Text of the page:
Ipsita Roy Chakraverti (b. 1950) created a sensation when she declared that she was a witch in 1986. Because of her social and economic status, she was given the opportunity to explain that she is a Wiccan Priestess. Wicca is not black magic, it is like an ancient religion.
She started administering Wiccan ways of healing to the people. She went to the aid of women in rural Bengal, where it was (and still is) common for a poor widow to be labelled a witch. ‘If I had come from a different rung of society, or was illiterate, the reaction wouldn’t be the same,’ she observes, and uses her position to help others. She started training volunteers in Wicca, and this group was initially named the Wiccan Brigade; because they were ‘covering so many subjects and areas, not only Wicca’, the ‘Young Bengal Brigade’ came into being in 2013 as an organization for all her activities. She went to school in Canada; her father, Debabrata Chakraverti, was a postgraduate scholar of aerodynamics from Glasgow University, and served two terms as the Permanent Representative of India on the Council of the International Civil Aviation Organization at their headquarters in Montreal. Her mother was from the royal families of Mayurbhanj and Cooch Behar, and one of the first graduates of Kolkata’s Bethune College. Ipsita received her initiation into Wicca at a chalet in the Laurentian mountains, some miles from Montreal. She spent three years with a group of women studying the ancient cultures of the world.
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The Wiccan High Priestess taught her that we must work in alignment with the Forces—not against them. They would study the writings of Friedrich Nietzsche and Sri Aurobindo, and ‘marvel at how they both believed in evolving into a superbreed’. The book under review is a sequel to Beloved Witch: An Autobiography (2000); however, it can be read on its own because Ipsita Roy Chakraverti gives us all the relevant information published in the first book.
The book begins with a supernatural experience—she has a vision of the chalet where she had her Wiccan training, and finds that all her teachers and many of her friends ‘had crossed over and walked in greener fields’ now. She writes, ‘I knew what I had to do. The past was to be treasured, then kept aside. … I needed to forge ahead and reveal what I had not yet talked of, to give new life to forgotten thoughts and unspoken ideas.’ Luciana, a sixteenth-century scholarly woman, was persecuted as a witch. Ipsita Roy Chakraverti believes that Luciana chose to be reborn in India, ‘Are Luciana and Ipsita one? I often wonder. I do not believe that reincarnation need happen as a repetitive ritual, but if there is unfinished business, and the spirit wishes to return and complete the work left undone, it can do so.’ She recollects events of the sixteenth century—Luciana, born around 1578, is tried as a witch; an old man, Aviano, is the leader of the prosecutors. She describes her interaction with many famous people in present day India; some of them, like Pranab Mukherjee, are named, but we can guess the identity of some others. The meetings are not always pleasant or fruitful. A media baron wanted her to write for one of his English journals; when she meets him, she recognizes him from a past encounter:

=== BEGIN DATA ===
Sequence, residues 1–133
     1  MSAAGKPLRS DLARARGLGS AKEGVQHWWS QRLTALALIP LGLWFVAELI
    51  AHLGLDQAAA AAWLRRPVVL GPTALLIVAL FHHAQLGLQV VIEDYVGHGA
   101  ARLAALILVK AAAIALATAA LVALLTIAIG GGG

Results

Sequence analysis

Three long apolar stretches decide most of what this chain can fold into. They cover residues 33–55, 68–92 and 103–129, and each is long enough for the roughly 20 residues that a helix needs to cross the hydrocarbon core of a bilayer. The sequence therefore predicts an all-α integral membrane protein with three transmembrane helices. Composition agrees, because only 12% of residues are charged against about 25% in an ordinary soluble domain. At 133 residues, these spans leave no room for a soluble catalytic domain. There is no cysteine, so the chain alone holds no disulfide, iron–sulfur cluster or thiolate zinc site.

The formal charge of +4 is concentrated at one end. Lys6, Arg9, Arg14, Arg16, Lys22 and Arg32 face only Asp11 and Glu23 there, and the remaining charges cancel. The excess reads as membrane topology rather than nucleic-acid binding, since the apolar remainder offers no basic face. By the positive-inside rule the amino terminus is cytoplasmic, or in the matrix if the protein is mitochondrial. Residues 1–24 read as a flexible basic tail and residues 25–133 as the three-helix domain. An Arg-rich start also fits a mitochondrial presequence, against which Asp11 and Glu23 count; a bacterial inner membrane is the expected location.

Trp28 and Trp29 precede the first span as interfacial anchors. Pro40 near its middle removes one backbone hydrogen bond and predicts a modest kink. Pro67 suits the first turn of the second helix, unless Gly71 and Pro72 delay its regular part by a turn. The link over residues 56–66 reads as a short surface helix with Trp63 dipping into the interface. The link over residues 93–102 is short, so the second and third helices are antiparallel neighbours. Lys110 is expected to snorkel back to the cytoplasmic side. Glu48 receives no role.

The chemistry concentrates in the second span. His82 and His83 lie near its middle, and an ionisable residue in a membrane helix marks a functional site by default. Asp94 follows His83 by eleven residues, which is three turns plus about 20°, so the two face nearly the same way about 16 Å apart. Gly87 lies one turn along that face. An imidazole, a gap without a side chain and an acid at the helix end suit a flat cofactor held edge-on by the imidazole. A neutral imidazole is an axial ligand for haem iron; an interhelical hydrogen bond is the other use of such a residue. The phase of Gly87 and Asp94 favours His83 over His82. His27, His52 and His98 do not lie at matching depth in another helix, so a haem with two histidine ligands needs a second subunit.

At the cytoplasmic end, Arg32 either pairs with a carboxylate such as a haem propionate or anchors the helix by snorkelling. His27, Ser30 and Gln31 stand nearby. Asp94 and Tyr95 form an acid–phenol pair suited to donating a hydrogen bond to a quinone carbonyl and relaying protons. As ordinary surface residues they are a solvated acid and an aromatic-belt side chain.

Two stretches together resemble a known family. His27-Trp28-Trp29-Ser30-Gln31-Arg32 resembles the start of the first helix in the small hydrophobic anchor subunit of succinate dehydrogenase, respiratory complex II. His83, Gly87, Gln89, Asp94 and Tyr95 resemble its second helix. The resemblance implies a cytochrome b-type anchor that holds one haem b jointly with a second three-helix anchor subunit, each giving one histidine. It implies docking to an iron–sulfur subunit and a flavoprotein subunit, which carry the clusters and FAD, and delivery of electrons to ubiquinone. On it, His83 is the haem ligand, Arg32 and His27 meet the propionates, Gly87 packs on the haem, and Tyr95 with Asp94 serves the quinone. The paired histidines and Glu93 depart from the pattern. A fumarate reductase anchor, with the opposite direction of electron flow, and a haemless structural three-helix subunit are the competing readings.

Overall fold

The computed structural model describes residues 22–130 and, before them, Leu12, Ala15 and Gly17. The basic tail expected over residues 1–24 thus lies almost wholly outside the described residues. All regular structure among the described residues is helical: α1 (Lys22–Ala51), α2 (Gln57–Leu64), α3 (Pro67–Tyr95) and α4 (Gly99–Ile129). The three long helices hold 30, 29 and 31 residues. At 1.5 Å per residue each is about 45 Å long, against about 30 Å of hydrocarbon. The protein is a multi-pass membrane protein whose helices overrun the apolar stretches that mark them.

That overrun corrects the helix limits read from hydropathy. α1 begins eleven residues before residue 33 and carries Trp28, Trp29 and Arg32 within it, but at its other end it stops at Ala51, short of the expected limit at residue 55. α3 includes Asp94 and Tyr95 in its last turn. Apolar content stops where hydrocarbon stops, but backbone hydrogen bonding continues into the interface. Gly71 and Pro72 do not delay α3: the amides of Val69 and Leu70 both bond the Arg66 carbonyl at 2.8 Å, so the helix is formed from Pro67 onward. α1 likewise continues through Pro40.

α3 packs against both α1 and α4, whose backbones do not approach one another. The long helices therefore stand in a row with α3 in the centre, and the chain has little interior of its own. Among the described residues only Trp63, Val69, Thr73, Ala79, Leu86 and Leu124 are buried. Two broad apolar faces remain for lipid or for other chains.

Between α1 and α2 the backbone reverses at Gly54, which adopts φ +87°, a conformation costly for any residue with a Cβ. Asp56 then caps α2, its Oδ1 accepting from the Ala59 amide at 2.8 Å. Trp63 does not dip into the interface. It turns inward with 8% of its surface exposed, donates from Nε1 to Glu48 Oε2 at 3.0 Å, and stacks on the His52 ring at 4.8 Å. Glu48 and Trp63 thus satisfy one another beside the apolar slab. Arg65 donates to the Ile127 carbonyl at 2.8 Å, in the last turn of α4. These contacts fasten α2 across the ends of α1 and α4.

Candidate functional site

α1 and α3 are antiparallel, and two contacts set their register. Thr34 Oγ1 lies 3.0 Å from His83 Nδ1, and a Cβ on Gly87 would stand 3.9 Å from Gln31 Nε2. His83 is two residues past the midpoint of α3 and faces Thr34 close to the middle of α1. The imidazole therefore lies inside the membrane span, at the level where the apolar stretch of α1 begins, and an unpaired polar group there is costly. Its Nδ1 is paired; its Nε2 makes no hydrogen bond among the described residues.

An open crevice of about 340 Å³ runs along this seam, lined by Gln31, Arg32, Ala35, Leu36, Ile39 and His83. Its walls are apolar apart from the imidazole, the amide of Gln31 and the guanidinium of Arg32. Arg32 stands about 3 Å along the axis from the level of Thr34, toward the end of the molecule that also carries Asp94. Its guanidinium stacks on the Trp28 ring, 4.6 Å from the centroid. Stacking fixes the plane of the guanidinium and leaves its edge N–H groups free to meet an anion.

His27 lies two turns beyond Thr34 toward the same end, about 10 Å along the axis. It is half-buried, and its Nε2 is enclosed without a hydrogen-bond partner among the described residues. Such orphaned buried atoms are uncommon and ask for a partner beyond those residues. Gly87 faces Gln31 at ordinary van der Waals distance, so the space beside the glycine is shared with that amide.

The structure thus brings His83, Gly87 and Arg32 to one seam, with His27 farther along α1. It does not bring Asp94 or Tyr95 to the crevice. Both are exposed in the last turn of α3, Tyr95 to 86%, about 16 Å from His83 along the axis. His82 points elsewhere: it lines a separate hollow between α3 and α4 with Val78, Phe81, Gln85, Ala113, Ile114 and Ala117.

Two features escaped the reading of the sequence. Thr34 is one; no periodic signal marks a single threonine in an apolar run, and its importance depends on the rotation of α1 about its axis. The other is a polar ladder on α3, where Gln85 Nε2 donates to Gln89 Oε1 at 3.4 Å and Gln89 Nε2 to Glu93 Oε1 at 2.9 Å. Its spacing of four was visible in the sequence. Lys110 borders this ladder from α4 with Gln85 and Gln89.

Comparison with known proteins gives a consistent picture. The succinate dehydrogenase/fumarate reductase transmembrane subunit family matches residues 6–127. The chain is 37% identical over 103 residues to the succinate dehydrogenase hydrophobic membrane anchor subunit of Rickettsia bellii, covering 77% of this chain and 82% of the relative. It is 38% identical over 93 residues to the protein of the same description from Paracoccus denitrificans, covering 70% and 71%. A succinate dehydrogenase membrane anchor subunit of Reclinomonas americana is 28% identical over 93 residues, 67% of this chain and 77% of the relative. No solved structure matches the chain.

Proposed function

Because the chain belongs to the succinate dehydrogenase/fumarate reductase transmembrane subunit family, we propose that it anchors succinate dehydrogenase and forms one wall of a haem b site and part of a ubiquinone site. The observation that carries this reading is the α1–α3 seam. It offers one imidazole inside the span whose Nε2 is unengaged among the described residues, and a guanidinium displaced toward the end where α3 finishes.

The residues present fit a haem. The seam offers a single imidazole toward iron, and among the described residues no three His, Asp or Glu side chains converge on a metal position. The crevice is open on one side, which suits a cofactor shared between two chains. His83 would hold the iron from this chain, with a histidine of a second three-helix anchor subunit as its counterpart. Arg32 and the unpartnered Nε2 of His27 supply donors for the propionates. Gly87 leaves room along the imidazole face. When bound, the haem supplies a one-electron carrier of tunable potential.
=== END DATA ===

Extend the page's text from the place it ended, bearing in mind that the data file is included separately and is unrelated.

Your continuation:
He came towards with me with eyes glittering. I seemed to read venom in them. But why? We had never met before, or had we?. . .
He had heard about Ipsita, the Beloved Witch, and wanted to know what she was about. What were her secrets? . . . And one could see that he hated me with a hatred which spanned centuries.